Remember what the mesh shader paradigm is meant to accomplish. Each task shader workgroup generates a series of meshes. That only makes sense if there is parallelism to exploit in the generation of those meshes, and that only makes sense if a single task work group routinely generates multiple meshes.

No. Implementations are what exposes the limitation, not OpenGL. If the SSBO offset alignment is set to 16, that means the hardware cannot accommodate a lower alignment.

Thank you very much for the answers and comments, Alfonse! They are useful and inspiring like they’ve always been.

What confused me was mentioning (in the “Introduction to Turing Mesh Shaders” blog by Christoph Kubisch) applying “a vertex cache optimizer on the index-buffer prior to the generation of the meshlet data”. It was said in the context of the original index-buffer, before splitting into meshlets. And that makes perfect sense. While I was reading the article, I was thinking about my application, where meshlets are created procedurally and hence the misunderstanding arose.

Yes, they have 8-bit precision. I still think that there are no special hardware restrictions to 256 vertices per meshlet besides confining index values to single bytes. But that’s perfectly valid, since increasing the number would duplicate the size.

I’m actually rendering a terrain, and, frankly, extremely efficiently. Blocks (which are grids) are small enough so that index buffer size is completely irrelevant. Few days before, I carried out an experiment with 8-bit vs 32-bit index buffers. The rendering speed is exactly the same (up to 3 or 4 decimal places).


In the previous chart, X-axis represents rendering speed in ms, while Y-axis defines block size in vertices (5x5, 8x8, etc). The range of block sizes corresponds to meshlets that can be generated with a single warp.
What bothers me, and the primary reason I have started this topic is the peculiar behavior of the mesh shader. Namely, it is expected that the rendering rate should increase with the meshlet size (vertices reuse increases) and the number of threads being executed per warp (the cores utilization increases). However, it is not as expected.


The previous chart represents the rendering speed of three different methods (Y-axis is rendering time in ms, X-axis is the block size). InstAttr is classical instancing with attributes (later we will see the impact of SSBO on the performance). Mesh method uses only mesh shaders invoked from the API (without task shaders), while Task+Mesh method uses a single task shader workgroup invocation to generate thousands of mesh shader workgroups. Obviously, the classical instancing method proves to be the most efficient one (lower is better).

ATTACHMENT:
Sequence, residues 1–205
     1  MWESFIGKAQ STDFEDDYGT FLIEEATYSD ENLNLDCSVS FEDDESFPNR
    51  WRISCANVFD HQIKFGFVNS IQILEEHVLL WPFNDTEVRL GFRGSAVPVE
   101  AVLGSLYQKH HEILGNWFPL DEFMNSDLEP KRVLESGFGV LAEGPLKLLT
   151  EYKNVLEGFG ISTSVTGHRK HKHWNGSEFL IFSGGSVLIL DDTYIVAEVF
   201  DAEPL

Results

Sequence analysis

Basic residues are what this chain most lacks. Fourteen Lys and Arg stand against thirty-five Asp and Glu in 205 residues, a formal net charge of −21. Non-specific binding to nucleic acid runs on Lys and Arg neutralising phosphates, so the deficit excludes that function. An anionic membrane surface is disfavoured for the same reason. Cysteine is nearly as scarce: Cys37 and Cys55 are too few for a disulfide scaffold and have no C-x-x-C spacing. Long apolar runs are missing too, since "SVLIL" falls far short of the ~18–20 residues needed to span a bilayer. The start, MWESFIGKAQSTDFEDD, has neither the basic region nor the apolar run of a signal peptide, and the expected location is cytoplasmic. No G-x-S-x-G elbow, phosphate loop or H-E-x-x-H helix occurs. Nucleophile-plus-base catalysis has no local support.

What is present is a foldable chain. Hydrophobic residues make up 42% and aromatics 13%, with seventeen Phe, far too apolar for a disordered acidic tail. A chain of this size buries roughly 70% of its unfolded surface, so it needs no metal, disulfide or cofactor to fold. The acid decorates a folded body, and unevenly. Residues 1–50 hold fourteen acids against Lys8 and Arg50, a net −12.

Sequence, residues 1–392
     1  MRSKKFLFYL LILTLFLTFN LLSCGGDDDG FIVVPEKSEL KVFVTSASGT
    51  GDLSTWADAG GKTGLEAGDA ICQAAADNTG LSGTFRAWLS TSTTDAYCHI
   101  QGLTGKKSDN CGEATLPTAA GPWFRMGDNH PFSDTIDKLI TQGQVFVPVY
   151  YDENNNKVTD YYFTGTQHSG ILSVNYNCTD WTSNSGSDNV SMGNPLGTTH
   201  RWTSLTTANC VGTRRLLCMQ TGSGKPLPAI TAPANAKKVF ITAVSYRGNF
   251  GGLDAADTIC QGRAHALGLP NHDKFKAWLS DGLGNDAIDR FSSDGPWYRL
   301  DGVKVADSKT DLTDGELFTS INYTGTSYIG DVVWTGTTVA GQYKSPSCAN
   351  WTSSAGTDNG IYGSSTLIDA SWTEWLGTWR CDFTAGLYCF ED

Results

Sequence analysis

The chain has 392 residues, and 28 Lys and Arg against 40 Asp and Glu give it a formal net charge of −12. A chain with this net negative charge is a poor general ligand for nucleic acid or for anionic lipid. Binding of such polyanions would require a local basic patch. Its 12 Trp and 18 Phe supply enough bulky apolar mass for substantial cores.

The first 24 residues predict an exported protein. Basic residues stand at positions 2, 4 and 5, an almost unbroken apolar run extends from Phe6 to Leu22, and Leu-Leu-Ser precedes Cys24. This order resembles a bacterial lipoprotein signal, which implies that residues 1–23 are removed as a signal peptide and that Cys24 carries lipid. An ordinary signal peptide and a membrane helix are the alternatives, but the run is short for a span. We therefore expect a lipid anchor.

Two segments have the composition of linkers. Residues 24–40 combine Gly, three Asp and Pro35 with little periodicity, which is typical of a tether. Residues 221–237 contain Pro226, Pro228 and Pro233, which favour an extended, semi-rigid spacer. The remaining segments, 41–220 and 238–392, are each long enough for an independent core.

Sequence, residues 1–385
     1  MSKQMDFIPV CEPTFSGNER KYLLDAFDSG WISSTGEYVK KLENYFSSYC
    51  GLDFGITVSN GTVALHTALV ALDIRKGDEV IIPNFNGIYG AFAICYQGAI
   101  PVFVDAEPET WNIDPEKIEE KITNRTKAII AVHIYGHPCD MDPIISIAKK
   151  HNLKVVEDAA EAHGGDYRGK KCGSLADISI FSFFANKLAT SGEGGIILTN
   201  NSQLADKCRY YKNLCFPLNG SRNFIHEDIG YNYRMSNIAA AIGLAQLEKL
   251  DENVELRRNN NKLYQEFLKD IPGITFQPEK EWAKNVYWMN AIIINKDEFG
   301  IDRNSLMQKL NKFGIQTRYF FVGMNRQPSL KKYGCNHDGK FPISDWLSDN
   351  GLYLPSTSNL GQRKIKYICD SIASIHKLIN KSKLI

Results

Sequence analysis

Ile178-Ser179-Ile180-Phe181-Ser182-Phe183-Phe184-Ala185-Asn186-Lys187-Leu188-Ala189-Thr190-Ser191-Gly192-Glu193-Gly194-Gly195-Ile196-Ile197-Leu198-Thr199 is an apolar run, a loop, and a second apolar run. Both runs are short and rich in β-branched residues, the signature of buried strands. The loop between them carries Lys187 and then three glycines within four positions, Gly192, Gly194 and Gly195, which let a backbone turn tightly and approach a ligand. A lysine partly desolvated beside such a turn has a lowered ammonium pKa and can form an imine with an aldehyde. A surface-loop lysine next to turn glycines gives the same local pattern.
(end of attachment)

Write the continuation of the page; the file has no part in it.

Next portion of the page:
Maybe the next chart better shows what’s happening by comparing rendering efficiency (number of triangles rendered in a millisecond). Packing two vertices in a single mesh shader invocation (64 per workgroup) makes the mesh shader as efficient as instancing (the case of 32 threads per workgroup/warp). Also, 11x11-block (31 threads per workgroup) has good performance. However, 16x16-block (also 32 threads per workgroup, 8 vertices per thread and 450 per warp) has significantly lower performance compared to the instancing counterpart.


According to the previous chart, invocation from the task shader has even worse performance, except for the largest blocks (and fewer mesh shader workgroups). This should be investigated thoroughly. However, the question from the beginning still stands. How to improve the performance of mesh shaders, since they should have a higher potential for performance than instancing?
SSBO access certainly has some impact on the performance. Let’s see how an instancing-based algorithm changes its performance if per-instance data is read from the SSB instead of from attributes. The following chart illustrates this case.


Obviously, there is a constant shift in performance. The primitive fetching mechanism still works efficiently for the regular geometric pipeline. On the other hand, SSBO is large enough not to be efficiently cached compared to attributes of a small instance. Having that in mind, 8x8-block mesh-shader-based renderer is actually more efficient in vertex processing than instancing. However, overall performance is about the same.

More details about the experiments:
• Application: large terrain rendering
• GPU processor: GeForce RTX 2060 SUPER
• Triangle count: 4.2 – 4.7 million
• Heavyweight vertex transformations (rendering time is proportional to the number of vertices being sent to the pipeline)
• GPU utilization: 7-9% (there is no CPU bottleneck, the algorithm is extremely efficient and the power management mode of the GPU must be set to “Prefer maximum performance” to prevent significant clock reduction)